The Marginalization of the Operating System
April 6, 2011 1 Comment
It occurred to me that the phone marketplace is like a microcosm for what is happening in the desktop world. It’s a little like watching the common cold mutate through a season. The gestation period for something so small is so short, that huge changes can occur in an extremely short period of time. As such, we’ve seen huge market share swings from Blackberry, Apple, Microsoft, and Google. Google’s Android lately has been pushing out other market players with (arguably) sub-standard, but cheap software and placing the consumer’s focus back onto what they can hold in their hands – good quality phone hardware.
Although not to the same extent, much the same thing is happening in the desktop world. Although still king of operating systems, Windows is being eroded ever so slightly in market share by MacOS (and to a much greater extent in mind share). Once people start getting used to the idea that their desktop can be something other than Windows, the floodgates will open with cheaper alternatives like Linux – just as what’s happened with iOS (providing a compelling user experience through good design) and then Android (by being good enough at no cost). I also think Microsoft knows this and it has been the driving force in some of the newer software platform decisions.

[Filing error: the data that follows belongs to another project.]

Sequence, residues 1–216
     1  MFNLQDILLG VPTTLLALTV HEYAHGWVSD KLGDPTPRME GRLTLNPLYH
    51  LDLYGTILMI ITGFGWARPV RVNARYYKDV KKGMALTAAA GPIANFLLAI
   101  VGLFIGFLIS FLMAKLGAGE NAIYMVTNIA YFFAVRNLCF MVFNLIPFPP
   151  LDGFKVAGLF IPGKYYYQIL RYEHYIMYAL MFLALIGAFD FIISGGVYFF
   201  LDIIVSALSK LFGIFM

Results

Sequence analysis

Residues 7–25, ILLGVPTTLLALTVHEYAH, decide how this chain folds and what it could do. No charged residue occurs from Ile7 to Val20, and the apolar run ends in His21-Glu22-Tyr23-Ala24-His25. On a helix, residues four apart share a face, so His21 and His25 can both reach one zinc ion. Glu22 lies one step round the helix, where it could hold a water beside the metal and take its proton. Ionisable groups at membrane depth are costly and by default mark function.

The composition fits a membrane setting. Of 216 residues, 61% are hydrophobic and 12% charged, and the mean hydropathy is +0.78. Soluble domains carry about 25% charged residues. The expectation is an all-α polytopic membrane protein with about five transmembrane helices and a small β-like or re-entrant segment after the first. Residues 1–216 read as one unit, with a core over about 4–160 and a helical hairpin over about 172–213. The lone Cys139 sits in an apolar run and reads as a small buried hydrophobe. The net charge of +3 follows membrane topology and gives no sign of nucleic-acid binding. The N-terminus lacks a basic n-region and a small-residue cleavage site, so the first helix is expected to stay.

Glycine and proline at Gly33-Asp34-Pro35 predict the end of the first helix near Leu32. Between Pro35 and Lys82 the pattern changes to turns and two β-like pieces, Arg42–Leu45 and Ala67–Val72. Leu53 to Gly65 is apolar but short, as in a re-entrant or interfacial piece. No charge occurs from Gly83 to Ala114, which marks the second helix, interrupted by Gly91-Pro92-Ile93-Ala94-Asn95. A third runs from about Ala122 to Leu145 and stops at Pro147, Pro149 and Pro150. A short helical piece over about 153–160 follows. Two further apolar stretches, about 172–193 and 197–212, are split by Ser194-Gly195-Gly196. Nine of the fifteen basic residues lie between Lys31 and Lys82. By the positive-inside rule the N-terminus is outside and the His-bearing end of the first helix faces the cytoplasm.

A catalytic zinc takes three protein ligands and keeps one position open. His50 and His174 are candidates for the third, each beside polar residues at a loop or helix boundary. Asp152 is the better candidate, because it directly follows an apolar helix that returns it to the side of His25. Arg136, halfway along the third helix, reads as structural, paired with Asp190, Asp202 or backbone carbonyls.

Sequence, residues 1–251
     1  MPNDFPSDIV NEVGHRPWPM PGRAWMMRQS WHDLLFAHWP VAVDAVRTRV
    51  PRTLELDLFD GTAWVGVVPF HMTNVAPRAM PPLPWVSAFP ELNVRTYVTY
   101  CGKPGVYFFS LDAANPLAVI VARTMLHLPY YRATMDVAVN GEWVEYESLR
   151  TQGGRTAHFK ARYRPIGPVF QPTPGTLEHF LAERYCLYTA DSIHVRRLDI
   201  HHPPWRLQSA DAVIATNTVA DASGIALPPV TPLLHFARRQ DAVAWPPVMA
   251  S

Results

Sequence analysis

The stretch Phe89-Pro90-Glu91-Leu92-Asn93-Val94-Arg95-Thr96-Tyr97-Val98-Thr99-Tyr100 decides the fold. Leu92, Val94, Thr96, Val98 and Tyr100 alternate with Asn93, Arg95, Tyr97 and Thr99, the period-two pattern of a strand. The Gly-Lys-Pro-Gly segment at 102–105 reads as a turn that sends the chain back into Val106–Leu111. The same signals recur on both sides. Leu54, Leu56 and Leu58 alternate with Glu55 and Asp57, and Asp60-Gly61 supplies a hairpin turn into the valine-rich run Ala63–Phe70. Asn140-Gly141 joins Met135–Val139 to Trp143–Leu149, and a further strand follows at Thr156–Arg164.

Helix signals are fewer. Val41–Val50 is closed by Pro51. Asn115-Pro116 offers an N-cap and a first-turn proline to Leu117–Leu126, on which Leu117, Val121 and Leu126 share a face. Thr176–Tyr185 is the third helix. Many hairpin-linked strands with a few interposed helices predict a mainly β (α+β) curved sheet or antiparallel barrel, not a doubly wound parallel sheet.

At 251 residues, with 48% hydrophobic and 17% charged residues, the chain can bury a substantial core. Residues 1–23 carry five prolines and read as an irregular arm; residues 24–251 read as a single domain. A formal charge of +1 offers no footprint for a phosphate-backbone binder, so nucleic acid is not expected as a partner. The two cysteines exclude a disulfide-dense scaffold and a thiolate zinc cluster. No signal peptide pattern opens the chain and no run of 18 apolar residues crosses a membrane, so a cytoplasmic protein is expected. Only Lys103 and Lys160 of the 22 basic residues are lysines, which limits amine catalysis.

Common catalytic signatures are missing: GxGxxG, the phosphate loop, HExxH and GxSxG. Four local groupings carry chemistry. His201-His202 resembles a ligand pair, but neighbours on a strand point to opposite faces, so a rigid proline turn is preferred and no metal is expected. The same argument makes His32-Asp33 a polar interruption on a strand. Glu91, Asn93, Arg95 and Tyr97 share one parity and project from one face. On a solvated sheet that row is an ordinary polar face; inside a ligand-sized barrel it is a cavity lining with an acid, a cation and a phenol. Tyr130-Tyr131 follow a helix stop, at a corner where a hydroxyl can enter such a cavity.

We’re seeing the foundations being laid for true software as a service in the form of Silverlight, a platform that will extend Microsoft’s reach across all operating systems and allow them to retain the crown as THE platform provider. It will allow them to continue their main software platform business by providing a common API to all operating systems and allowing their software to continue to be sold to everyone. The technological specifics of the platform allow some very interesting business models for selling software as a nice bonus as well, to be discussed another time…
Besides writing a plugin for the most of the major browsers across both Windows and Mac, Microsoft has also been collaborating with Novell by providing source code, specifications, and test suites towards the creation of Moonlight – the open source implementation of Silverlight for Linux and Unix systems. If that’s not a clear indication of what Microsoft considers their “platform”, I’m not sure what is.